Gender issues in Georgia analysed
By Salome Modebadze
Monday, February 1The United Nations Development Programme (UNDP) presented the key findings of analytical research undertaken as part of its Gender and Politics Project at the Tbilisi Marriott Hotel on January 29. The research, which was supported by the Swedish International Development Cooperation Agency (SIDA) and the Parliament of Georgia, consisted of two studies carried out to assess the situation in Georgia from a gender perspective.
Rusudan Kervalishvili, Vice-Speaker of the Parliament of Georgia and Chair of the Gender Advisory Council, Inita Paulovica, Deputy Resident Representative of UNDP, and Louise Bermsjo, Programme Officer and the Second Secretary of the Section for Development Cooperation and Political Affairs of the Embassy of Sweden, spoke about the importance of gender equality becoming a main priority for Georgia.
“I am glad to say that we have reached the point where we have worked out some plans and established the strategies for a step forward. Gender policy is very important, concerns both men and women as a whole, and should be discussed from the viewpoint of both sexes,” Inita Paulovica stated. “I hope that most of the public will become involved in this process and the research presented today will become a guidebook for people interested in the process of political development,” she added.
“Gender policy concerns equal availability of resources for the proper development of both men and women. I am glad that SIDA has been supporting this process in Georgia since 2004. Lots of things have been done, among which the granting of permanent status for the Gender Council by the Parliament of Georgia was the most crucial. The Swiss Government has established a new strategic agenda for Georgia where gender-based equality remains a priority and the Georgian public will have an opportunity to look through the Georgian version of this agenda in March,” Louise Bermsjo said.
The studies, 'Gender and Society' and 'Gender Dimensions of the Financial Policy of Georgia', analysed the public, private, cultural and political components of gender issues. They examined the situation in different communities, including ethnic minority groups and the displaced. Furthermore, they reviewed gender aspects of the financial policy of Georgia and gender trends in the fields of healthcare, education and the labour market.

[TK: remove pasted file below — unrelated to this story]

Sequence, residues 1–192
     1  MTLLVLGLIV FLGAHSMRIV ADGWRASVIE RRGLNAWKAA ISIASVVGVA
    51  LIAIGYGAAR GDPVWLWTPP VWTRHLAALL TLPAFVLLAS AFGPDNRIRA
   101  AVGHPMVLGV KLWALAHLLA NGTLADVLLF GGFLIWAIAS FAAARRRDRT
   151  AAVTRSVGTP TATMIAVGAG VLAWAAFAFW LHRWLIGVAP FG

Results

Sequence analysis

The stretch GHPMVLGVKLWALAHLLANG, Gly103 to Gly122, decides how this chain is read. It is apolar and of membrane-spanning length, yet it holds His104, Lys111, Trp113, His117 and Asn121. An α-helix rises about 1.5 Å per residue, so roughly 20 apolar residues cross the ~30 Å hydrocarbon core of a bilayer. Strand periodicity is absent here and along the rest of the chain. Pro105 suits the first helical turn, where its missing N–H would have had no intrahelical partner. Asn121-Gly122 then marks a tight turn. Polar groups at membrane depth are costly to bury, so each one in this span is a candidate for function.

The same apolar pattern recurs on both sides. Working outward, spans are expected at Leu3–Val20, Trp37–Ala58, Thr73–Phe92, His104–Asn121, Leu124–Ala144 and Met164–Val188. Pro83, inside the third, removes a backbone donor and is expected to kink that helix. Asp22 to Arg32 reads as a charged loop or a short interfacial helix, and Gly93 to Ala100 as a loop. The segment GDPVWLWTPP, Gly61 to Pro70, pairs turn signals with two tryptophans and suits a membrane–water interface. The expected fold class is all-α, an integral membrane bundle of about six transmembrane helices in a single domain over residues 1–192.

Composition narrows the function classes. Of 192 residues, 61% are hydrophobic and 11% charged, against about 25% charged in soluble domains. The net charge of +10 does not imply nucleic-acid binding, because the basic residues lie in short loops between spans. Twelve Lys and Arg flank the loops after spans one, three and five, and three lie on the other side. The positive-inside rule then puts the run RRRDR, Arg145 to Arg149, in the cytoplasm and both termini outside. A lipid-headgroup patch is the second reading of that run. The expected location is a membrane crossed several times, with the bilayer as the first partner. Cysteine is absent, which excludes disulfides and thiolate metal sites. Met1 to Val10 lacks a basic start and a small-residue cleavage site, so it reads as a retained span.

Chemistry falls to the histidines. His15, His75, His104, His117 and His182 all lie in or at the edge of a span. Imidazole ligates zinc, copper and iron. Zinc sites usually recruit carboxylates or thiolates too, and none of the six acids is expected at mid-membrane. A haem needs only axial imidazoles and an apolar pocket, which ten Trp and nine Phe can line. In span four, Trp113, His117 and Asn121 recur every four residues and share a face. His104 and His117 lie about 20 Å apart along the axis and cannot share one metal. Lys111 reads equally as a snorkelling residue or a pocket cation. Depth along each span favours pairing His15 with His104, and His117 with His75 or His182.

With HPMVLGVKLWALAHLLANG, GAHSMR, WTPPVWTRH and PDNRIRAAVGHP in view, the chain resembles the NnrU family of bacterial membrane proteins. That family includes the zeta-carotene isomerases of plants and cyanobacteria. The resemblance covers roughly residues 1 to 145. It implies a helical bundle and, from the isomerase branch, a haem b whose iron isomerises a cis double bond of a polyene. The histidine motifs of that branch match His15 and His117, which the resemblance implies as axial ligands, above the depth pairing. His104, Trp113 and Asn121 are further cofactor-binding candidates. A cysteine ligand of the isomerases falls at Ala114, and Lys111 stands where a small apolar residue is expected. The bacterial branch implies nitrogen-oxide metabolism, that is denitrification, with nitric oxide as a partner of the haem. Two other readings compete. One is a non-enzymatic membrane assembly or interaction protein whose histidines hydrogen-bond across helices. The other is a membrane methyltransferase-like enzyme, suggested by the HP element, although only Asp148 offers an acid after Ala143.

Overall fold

Nana Sumbadze from the Institute for Policy Studies (IPS) presented the key points of 'Gender and Society', outlining its results and highlighting its recommendations. “This publication attempts to draw a general picture of the situation in Georgia from a gender perspective. It discusses gender issues in public and private lives separately and addresses gender differences in human and social capital. As gender is considered to be culturally constructed, the research also highlights gender issues among ethnic minorities and IDPs,” Nana Sumbadze explained. “Gender is a cultural norm which meets relevant demographic conditions. The main reason for gender inequality is a society itself. There are some stereotypes about each sex which have become an historical inheritance but definitely need to be broken in modern life. I suggest that the term “equality” should be changed to “justice”, in which both sexes have the same rights and prospects for development,” she added.
Charita Jashi and Mikheil Tokmazishvili, experts in gender and economics, gave a brief presentation of 'Gender Dimensions of the Financial Policy of Georgia.' This outlined gender trends and development problems in the fields of healthcare, education and the labour market in Georgia and the ways they can be resolved financially at both national and local levels. The publication also took into account international experience and gave recommendations to the representatives of civil society and national and local authorities.